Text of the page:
Month: November 2011

El Fin- 30 Days of Indie Travel

Today is the last prompt for BootsnAll’s 30 Days of Indie Travel. I did pretty well trying to keep up with the daily prompts. Overall, I completed 19/30 prompts. Not bad! This challenge was fun in that everyday provided a different platform of discussion. Not to mention, it got my lazy ass blogging pretty frequently, which we all can attest can be challenging when life gets in the way.

Prompt #30: 2012 TICKET

Where are you going in 2012?  Why is that place great for indie travelers? 


I promised myself a trip to Costa Rica for my 25th birthday. Since my birthday has come and passed, I really need to get going. I want to have an extended stay (somewhere between 2 weeks-month). I’m planning on visiting my friend Kelly in Burbank, California in February for about 5 days to escape the cold and check out Southern California. I also have a proposed trip to Italy in March with my friend Erica. You better believe I’ll be studying up on my Italian before I go. I’ve already memorized Due birre, per favore (Two beers, please.)


As far as any of this goes, and as all travelers know, I will most likely end up in other places not even mentioned above. That’s the beauty and uncertainty of life. One day you can be going along your merry own way and the next you’re on the open road to somewhere you’ve only read or dreamt about.


I’ve worked hard this last year to try to make goals for myself and promised myself that 2012 will take me in a new direction. 2011 has been the most eye-opening, fun, difficult, freeing and confusing year of my life thus far. I’m hoping I can solidify some travel plans for the new year and make 2012 just as weird and interesting (if not more!) than 2011 has been.

Wanderlust & the video that inspired it

Today’s prompt for BootsnAll’s  30 Days of Indie Travel Project is WANDERLUSTShare a photo or video that just makes you want to GO. RIGHT. NOW.

Watching this video for the first time changed my life. It made me realize that I needed to sign up for MatadorU as soon as I could scrape the money together. Video credit to Matador Network, of course.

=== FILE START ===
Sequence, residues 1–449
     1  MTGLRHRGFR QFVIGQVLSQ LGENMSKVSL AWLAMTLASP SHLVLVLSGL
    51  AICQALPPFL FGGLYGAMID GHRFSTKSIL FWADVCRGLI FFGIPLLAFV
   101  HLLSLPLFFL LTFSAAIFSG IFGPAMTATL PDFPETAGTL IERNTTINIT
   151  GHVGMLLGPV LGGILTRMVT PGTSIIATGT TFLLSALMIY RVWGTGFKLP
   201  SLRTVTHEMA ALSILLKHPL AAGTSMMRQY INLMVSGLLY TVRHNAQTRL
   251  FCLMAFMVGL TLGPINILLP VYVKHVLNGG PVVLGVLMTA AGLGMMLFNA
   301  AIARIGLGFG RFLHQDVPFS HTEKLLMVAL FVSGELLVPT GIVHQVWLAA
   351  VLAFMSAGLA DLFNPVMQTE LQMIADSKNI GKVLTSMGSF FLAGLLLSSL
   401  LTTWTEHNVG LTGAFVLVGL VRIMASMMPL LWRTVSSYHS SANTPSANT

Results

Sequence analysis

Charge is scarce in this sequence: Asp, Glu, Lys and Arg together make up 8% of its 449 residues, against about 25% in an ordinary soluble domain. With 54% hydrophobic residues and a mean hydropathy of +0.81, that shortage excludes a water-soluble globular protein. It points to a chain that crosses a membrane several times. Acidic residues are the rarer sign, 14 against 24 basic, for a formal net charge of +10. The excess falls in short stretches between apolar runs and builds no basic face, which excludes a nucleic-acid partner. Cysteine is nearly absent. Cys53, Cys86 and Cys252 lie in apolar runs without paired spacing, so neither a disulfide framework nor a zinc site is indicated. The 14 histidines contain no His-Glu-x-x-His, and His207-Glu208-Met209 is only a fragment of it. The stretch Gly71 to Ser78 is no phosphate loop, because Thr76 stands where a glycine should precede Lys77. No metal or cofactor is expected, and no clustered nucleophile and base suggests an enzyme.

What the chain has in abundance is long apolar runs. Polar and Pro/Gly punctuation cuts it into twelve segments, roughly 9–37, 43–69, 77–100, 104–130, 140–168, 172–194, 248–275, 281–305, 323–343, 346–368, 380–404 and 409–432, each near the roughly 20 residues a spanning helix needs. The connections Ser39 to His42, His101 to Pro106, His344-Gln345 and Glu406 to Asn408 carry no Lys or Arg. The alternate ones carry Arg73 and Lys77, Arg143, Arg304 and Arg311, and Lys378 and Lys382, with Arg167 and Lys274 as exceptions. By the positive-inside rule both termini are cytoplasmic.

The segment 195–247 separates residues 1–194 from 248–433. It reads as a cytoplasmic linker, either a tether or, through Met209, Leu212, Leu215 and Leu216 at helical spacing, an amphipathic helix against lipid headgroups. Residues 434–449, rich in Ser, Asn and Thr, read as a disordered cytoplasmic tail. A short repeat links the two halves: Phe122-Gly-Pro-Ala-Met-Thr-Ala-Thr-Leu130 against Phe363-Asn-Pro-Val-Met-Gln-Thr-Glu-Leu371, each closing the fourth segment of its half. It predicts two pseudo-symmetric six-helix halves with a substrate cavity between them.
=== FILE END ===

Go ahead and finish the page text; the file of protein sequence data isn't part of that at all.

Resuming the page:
Ode to the Mint Julep

So, you think you’re a professional drinker? Partied with the best of them in college, always the last one to pass out? It doesn’t matter how many people you think you can drink under the table. NOBODY (no normal person, anyway) could possibly be ready for the drinking Olympics that is the Kentucky Derby.

People travel from all over the country and world to flock to Churchill Downs in their Sunday’s best. Women don the biggest sunhat they could find, linked on the arm of a tweed jacket-wearing old money fellow (if they’re lucky). That’s just the rich folk, though; ie: the ones who actually have seats. Someone like me, woefully broke and on the dime of a few friends, had tickets to the infield, arguably one of the raunchiest, drunkest, hillbilliest drink-a-thons known to professional sports (maybe besides NASCAR, but that’s in a league all its own).

We took a school bus. Don’t judge.

After being dropped off by our “private ride,” our party pre-gamed in the parking lot with cases of Natural Ice and other high class brews. Five hours of flippy cup later, we followed the mass exodus of drunks to Churchill Downs to watch the Derby. Never before have I seen such debauchery from misbehaving adults. Though it was all in good fun to buy beer by the can off the street, there was little to be said about those whose bladders were so full, they squatted behind cars and garbage cans to take a piss.

The infield of Churchill downs is essentially a backyard BBQ. Different tents are set up selling grill fare and drunks meander about musing over how much to bet on the big race. Lawn chairs and coolers make campsites and the young and old challenge each other to beer chugging contests.

Derby goers indulge early and often, I’m sure

As I perused the different tents feeling warm and fuzzy, one thing was certain: I HAD to have a Mint Julep. Ah, the images a Mint Julep conjures up: Sipping whiskey on a warm southern evening, bare feet up after a long day of hard labor. I was drunk from the romance of it all (or was it all that Nattie Ice?).  I imagined someone like Colonel Sanders would be passing out Mint Juleps nearby.